IT has been a week of dreams and wishes. Alison Richardson, filmmaker Tim Dennis and the ruckus ensemble from Parramatta’s Beyond the Square performing arts program for people with disability spent the week with people in Inverell.
Ruckus itself came for the trip to hone their skills as workshop leaders and encourage locals with a disability to be creative and push beyond their perceived limitations.
The message for the week was dreams, and the results have been inspiring.
Ruckus members, Rachel Sugrim, Digby Webster, James Penny, Audrey O’Connor and Gerard O’Dwyer have Down Syndrome, but none of them chose to define themselves by how they look, or their abilities.
All of them are actors, filmmakers and dancers, and felt their passions define them.
“I think that we are who we are,” Audrey said. “Whether we are different to people out there, but I think others like us should have a fair go. Cause we make our own life. We face challenges, we face everything that’s out there that’s happening around us, and I think that’s important for people with disability like us.”
The group met with students from Ross Hill and Inverell High School, and clients with disability from Connections and Inverell Accommodation Services.
Whether we are different to people out there, I think others like us should have a fair goAudrey O’Connor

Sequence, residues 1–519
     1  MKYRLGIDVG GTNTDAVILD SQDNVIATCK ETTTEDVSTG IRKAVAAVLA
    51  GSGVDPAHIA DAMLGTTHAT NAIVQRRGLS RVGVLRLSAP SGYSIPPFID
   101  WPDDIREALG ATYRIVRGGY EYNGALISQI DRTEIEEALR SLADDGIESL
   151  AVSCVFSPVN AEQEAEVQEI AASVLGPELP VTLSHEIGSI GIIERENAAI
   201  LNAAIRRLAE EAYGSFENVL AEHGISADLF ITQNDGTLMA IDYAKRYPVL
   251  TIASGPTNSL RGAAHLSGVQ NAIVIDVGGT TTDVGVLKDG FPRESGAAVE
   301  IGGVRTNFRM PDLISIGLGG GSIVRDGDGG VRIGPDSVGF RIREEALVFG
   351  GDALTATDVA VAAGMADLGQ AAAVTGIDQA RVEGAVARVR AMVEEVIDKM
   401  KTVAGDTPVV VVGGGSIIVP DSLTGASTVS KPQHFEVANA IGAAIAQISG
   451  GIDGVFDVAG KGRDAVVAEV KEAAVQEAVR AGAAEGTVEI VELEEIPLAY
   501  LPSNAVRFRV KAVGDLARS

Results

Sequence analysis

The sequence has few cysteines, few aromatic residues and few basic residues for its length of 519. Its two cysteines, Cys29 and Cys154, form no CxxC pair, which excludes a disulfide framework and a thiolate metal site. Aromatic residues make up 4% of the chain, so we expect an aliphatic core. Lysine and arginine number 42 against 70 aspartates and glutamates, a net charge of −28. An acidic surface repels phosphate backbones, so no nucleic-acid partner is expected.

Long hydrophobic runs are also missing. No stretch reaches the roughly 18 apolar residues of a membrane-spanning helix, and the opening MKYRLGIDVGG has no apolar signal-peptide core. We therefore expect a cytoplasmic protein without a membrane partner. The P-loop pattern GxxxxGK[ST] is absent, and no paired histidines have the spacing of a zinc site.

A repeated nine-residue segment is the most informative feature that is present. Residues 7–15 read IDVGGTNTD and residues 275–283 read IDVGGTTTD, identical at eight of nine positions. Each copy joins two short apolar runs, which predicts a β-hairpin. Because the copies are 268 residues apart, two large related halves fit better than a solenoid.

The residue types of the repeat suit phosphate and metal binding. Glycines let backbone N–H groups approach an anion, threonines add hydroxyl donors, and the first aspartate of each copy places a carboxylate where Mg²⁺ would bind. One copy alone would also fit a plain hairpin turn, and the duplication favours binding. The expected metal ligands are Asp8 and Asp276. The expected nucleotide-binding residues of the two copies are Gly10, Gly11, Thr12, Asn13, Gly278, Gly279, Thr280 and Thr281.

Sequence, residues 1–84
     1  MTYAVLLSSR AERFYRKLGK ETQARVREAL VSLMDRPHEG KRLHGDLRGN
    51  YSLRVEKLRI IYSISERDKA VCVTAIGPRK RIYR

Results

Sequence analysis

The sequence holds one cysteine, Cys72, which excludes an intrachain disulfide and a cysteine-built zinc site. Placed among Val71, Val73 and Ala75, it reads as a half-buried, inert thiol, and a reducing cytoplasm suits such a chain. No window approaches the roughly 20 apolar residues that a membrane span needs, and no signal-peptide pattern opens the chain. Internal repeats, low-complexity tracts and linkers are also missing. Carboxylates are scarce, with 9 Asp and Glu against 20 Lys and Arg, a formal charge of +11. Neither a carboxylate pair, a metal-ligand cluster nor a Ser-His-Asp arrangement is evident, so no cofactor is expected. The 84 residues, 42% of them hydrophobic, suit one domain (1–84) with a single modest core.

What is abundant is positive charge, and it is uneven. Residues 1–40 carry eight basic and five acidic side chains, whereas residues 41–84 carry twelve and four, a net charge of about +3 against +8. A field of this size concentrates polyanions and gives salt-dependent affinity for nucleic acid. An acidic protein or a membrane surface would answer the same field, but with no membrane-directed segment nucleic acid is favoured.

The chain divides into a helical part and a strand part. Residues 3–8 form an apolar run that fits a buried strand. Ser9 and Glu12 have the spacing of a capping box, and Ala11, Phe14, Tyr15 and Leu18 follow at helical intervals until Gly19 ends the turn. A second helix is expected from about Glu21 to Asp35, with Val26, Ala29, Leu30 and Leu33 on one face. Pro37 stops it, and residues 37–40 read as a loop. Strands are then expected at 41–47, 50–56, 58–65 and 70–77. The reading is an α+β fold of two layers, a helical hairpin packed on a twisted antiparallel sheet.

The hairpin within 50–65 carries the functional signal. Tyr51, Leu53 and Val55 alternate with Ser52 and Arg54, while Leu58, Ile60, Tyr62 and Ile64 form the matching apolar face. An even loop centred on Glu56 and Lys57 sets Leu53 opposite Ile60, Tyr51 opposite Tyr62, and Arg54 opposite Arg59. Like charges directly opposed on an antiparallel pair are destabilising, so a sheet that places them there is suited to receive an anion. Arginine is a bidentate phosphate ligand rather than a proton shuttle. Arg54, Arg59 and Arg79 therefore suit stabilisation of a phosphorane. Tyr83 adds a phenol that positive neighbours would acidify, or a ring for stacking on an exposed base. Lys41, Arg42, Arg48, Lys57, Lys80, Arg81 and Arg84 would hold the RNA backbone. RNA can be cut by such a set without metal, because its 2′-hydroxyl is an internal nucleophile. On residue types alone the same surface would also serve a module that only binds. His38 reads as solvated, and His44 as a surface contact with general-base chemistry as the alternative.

The visiting actors have crafted a group performance and film with the Inverell residents that will be on stage for the public at the Inverell RSM Club this evening.
The performance is about dreams, joy, dance, and as ruckus like to say, ‘making some noise’.
Dreams were anything from getting a motorbike, winning a singing competition, and in many cases, longing for a person who has been lost.
Alison has used often asked workshops to record their dreams, but said the answers still give her pause for thought. “I definitely get surprised each time, because a lot of the time, you think it’s going to be materialistic things that people wish for,” she said.
“But a lot of it is about personal connections with others; people that have passed away, or people they don’t see as often and that they’d like to.” Member Gerard O’Dwyer’s enthusiasm and talent were inspiration personified.
He is passionate about what defines him. He felt it is not his disability. “To be honest, I don’t see myself as Down Syndrome. People always said to me that you have to accept it, that it’s part of life, and it is part of life, really. I don’t need anyone to tell me, or to remind me.” He said his theatre and film work make him stronger and his accomplishments as an award-winning actor only serve to validate his feelings.
The public are invited to the Inverell RSM Club tonight at 6pm for a performance with clients from Connections, IAS and the ruckus ensemble.